Fluorescence from a single DNA molecule passing through a laser beam is proportional to the size (contour length) of the molecule, and molecules of different sizes can be counted with equal efficiencies. Single-molecule fluorescence can thus determine the average length of the molecules in a sample and hence the frequency of double-strand breaks induced by various treatments. Ionizing radiation-induced frank double-strand breaks can thus be quantified by single-molecule sizing. Moreover, multiple classes of clustered damages involving damaged bases and abasic sites, alone or in combination with frank single-strand breaks, can be quantified by converting them to double-strand breaks by chemical or enzymatic treatments. For a given size range of DNA molecules, single-molecule sizing is as or more sensitive than gel electrophoresis, and requires several orders-of-magnitude less DNA to determine damage levels.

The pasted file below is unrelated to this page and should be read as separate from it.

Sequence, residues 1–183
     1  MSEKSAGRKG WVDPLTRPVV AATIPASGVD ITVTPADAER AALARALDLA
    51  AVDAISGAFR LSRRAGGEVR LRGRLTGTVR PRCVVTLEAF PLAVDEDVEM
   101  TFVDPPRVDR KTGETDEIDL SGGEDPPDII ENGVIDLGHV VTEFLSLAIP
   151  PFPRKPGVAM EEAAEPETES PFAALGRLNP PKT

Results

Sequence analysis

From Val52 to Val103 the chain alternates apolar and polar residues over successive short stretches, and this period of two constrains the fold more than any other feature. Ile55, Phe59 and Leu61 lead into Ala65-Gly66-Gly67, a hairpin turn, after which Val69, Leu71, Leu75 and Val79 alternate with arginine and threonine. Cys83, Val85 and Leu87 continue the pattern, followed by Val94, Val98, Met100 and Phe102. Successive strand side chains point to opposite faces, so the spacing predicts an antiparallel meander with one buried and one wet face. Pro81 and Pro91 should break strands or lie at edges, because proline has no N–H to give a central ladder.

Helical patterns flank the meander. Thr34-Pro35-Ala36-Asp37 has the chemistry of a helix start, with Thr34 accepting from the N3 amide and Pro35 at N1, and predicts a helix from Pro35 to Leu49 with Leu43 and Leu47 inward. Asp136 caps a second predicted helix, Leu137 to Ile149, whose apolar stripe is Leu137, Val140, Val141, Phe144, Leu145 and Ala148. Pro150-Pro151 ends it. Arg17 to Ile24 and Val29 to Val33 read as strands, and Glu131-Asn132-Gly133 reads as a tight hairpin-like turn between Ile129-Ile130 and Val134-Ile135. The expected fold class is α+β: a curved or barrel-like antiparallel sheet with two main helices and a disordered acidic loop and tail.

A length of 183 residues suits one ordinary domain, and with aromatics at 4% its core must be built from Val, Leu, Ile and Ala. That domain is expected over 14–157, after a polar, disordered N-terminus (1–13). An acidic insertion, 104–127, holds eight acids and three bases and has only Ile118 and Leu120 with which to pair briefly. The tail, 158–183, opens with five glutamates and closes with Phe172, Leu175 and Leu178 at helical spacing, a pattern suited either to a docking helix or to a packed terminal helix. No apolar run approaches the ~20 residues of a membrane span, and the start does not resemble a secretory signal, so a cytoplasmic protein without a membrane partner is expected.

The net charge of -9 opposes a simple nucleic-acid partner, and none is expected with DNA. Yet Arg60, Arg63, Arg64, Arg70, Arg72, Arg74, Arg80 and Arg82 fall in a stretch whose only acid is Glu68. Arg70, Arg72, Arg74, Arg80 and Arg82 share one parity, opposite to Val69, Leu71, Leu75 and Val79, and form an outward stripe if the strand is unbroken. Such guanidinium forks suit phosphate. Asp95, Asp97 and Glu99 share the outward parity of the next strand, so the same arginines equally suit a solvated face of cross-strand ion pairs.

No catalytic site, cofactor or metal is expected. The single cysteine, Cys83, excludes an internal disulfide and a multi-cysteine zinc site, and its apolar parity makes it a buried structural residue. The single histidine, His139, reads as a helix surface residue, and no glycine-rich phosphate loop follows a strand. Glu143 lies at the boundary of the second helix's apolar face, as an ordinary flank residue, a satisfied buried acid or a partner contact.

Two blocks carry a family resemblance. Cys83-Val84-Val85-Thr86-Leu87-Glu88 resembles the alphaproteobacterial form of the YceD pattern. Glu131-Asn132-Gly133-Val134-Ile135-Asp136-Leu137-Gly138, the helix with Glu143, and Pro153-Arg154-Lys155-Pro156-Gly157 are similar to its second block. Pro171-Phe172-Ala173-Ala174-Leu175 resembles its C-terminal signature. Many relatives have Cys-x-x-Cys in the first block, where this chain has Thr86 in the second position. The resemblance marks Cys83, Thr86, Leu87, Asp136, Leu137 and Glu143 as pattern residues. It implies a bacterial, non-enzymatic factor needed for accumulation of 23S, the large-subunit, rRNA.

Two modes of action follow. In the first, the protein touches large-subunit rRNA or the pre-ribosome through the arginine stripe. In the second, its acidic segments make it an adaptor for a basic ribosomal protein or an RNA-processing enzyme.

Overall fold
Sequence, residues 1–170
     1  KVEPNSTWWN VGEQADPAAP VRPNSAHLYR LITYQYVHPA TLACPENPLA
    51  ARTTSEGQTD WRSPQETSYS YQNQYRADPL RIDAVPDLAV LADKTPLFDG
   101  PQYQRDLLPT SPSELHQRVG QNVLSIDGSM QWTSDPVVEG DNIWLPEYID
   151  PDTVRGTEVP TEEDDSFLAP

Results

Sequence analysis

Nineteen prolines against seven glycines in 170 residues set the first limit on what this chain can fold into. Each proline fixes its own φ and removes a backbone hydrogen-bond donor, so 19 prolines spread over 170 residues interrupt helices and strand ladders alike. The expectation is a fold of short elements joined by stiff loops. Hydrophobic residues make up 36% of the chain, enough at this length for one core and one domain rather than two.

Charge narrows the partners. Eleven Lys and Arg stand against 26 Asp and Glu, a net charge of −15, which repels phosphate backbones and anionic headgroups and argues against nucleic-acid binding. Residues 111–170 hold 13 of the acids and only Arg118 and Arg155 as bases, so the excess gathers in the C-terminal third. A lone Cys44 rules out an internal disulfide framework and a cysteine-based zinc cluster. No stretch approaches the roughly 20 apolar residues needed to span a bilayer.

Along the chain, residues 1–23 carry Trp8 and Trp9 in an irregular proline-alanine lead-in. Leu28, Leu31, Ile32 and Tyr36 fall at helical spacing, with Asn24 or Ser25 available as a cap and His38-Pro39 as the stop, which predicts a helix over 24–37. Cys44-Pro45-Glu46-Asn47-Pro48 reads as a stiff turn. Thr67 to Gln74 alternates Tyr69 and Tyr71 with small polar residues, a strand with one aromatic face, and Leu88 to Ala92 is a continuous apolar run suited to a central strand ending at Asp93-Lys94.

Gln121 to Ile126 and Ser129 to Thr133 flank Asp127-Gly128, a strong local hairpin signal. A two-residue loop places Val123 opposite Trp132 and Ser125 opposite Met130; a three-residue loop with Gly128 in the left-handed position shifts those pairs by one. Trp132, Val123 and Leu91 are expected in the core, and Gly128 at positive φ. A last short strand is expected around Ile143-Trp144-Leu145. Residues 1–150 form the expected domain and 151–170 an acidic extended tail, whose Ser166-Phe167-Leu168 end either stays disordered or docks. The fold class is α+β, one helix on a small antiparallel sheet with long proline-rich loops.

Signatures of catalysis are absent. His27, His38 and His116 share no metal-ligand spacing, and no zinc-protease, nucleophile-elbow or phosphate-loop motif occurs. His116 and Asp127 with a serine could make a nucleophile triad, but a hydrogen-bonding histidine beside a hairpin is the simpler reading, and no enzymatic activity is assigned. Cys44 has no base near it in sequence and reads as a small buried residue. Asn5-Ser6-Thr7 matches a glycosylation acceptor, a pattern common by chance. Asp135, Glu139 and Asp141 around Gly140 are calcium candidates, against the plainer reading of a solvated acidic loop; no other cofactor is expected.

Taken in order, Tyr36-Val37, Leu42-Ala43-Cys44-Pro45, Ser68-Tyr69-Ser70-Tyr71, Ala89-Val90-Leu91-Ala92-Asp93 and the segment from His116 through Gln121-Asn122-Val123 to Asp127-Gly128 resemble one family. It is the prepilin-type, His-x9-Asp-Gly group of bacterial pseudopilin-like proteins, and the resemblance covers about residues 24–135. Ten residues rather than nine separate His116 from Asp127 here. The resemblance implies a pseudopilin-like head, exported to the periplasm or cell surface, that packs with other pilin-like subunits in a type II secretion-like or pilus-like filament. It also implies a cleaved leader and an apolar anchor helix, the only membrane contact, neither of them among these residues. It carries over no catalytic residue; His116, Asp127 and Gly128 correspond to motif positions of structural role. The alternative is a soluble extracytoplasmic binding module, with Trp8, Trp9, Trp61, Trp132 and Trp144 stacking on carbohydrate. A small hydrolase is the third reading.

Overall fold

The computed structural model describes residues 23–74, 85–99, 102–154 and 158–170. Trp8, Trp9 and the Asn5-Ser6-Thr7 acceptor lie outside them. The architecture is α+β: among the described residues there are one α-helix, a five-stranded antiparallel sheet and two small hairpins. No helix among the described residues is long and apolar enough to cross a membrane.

|Original language||English (US)|
|Number of pages||10|
|Issue number||2 I|
|State||Published - Feb 1 2003|
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